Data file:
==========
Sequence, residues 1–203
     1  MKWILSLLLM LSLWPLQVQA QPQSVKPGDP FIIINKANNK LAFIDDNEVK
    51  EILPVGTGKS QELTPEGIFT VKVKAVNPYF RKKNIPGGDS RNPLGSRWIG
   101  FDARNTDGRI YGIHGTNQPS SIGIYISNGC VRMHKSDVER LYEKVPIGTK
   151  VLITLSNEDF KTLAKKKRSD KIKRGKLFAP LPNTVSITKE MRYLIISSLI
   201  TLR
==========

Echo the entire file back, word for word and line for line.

Sequence, residues 1–203
     1  MKWILSLLLM LSLWPLQVQA QPQSVKPGDP FIIINKANNK LAFIDDNEVK
    51  EILPVGTGKS QELTPEGIFT VKVKAVNPYF RKKNIPGGDS RNPLGSRWIG
   101  FDARNTDGRI YGIHGTNQPS SIGIYISNGC VRMHKSDVER LYEKVPIGTK
   151  VLITLSNEDF KTLAKKKRSD KIKRGKLFAP LPNTVSITKE MRYLIISSLI
   201  TLR